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Book of Abstracts

11th IFOAM
Scientific Conference
11-15 August 1996
Copenhagen, Denmark

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Low-input and low-cost technologies used by resource-poor farmers S26

Poswal, Maxwell Amlai Todi

Department of Agronomy, University of Fort Hare, Private Bag X1314, Alice 5700, South Africa

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The agricultural production system in South Africa is dichotomized, with a well developed commercial sector characterized by monoculture and a high dependency on such inputs as chemical fertilizers and pesticides. The small-scale sector is very underdeveloped and forms a majorarea of emphasises for development, under the Reconstruction and Development Programme (RDP) of the post-apartheid Government of National Unity, aimed at enhancing and revitalising the quality of life of most rural communities in South Africa. The RDP considers the development of small-scale agriculture as a vehicle for raising the level of incomes, and to mitigate the nutritional and other socio- economic conditions of rural folks. Most rural, peri-urban and urban small-scale farmers are resource-poor, and are engaged in the production of indigenous and improved vegetables, in home and community gardens, and under small-scale foodplot programmes, field crops in both sole and intercropped systems, and in citrus production. The current low level of high cost technology utilization, such as chemical fertilizers and synthetic pesticides, amongst the small-scale and emergent farmers in South Africa provides an opportunity for the development of the culture of organic farming and other tecnologies that are relevant and suitable for these group of farmers. Resource-poor farmers should be encouraged to adopt many of the low-input and low-cost technologies for sustainable production, and that are economically and ecologically safe. The paper will highlight and discusssome of the appropriate horticultural, agronomic and natural plantprotection technologies: the trench-bed production method for vegetable and other crops, use of organic mulches, composts and manures (poultry, kraal/cow, and digested sewage sludge), crop rotation and strip cultivation, intercropping systems, use of plant-derived smoke for seed germination, the bottle/can irrigation technology, biological control and integrated pest management systems, and the use of other non- chemical methods and natural plant pesticides for pest and disease management.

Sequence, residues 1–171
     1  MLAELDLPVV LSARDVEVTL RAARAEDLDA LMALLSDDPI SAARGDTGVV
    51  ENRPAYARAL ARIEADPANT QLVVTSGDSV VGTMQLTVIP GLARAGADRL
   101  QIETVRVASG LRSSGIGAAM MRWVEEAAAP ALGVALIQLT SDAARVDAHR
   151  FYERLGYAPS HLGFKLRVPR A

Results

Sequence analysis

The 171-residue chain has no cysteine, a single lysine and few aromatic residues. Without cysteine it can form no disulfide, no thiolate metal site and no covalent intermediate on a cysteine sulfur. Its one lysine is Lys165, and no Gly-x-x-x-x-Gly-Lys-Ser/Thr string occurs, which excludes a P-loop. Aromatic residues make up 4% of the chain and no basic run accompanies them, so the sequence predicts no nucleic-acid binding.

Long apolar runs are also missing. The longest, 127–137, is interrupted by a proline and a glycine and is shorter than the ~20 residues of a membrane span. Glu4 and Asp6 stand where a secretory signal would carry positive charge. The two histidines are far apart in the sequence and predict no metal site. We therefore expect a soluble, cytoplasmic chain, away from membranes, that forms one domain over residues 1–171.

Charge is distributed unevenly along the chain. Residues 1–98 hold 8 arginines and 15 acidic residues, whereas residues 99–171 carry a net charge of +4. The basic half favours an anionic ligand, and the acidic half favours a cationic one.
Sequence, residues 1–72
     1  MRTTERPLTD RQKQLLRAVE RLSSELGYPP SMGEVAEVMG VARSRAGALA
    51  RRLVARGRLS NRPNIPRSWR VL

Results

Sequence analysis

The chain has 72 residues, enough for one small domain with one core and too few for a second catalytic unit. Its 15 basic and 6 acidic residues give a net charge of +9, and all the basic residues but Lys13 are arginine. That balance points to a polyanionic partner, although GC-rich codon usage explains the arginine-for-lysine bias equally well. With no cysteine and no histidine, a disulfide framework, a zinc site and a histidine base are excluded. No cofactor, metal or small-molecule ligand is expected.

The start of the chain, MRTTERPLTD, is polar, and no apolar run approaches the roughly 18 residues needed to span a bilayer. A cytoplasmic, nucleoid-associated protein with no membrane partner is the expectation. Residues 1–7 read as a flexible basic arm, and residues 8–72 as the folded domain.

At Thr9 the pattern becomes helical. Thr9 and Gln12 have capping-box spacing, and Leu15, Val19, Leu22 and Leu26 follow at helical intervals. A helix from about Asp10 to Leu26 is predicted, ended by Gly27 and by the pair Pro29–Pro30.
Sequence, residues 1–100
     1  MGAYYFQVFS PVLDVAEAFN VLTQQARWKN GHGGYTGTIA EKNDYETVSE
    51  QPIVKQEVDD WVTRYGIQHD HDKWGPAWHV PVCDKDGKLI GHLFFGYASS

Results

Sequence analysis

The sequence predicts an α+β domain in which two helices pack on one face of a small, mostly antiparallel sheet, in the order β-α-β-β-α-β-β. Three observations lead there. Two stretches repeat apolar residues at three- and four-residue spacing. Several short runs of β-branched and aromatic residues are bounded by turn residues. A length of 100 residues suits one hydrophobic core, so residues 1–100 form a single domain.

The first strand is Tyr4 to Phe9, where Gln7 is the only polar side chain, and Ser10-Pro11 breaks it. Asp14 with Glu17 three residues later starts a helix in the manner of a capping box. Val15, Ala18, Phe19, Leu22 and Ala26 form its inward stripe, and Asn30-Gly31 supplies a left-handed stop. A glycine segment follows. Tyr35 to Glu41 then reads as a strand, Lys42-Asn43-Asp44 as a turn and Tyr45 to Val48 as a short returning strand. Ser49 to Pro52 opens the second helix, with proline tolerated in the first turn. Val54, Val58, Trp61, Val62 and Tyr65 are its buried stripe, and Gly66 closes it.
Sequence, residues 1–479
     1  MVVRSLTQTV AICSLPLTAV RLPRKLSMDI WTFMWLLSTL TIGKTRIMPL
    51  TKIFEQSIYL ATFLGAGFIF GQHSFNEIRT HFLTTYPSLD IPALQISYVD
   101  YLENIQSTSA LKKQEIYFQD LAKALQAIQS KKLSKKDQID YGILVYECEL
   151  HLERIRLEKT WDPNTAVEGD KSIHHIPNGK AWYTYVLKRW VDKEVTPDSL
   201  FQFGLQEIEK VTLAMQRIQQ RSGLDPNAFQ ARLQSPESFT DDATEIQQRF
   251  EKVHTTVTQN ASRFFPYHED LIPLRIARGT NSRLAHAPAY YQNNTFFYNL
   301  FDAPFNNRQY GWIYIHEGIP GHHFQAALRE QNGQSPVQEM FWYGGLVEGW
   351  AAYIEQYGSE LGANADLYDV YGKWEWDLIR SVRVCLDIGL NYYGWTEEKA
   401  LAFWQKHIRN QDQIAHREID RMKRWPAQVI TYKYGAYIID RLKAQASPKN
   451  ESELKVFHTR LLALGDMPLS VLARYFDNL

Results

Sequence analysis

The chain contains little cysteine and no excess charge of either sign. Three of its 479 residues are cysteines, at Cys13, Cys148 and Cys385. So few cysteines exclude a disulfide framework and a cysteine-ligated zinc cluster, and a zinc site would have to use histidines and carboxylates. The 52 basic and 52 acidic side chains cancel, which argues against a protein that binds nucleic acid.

Havinga, C. (1995): Biodynamic Farming can aid Emergent Young Farmers. South African Farmer's Weekly February 3, 1995, p.10

Poswal, M.A.T., Akpa, A.D. and Alabi, O. (1993): Cultural Control of Pests and Diseases: Prelude to Integrated Pest Management Practices for Resource-poor Farmers in Nigerian Agriculture. Journal of Sustainable Agriculture, vol. 3, p. 5-48

Poswal, M.A.T. (1995): Contribution of Folk Medicine in the Evolution ofNatural Plant Protection in South Africa. Papar Presented at the 13thInternational Plant Protection Congress, 2-7 July, 1995, The Hague,Netherlands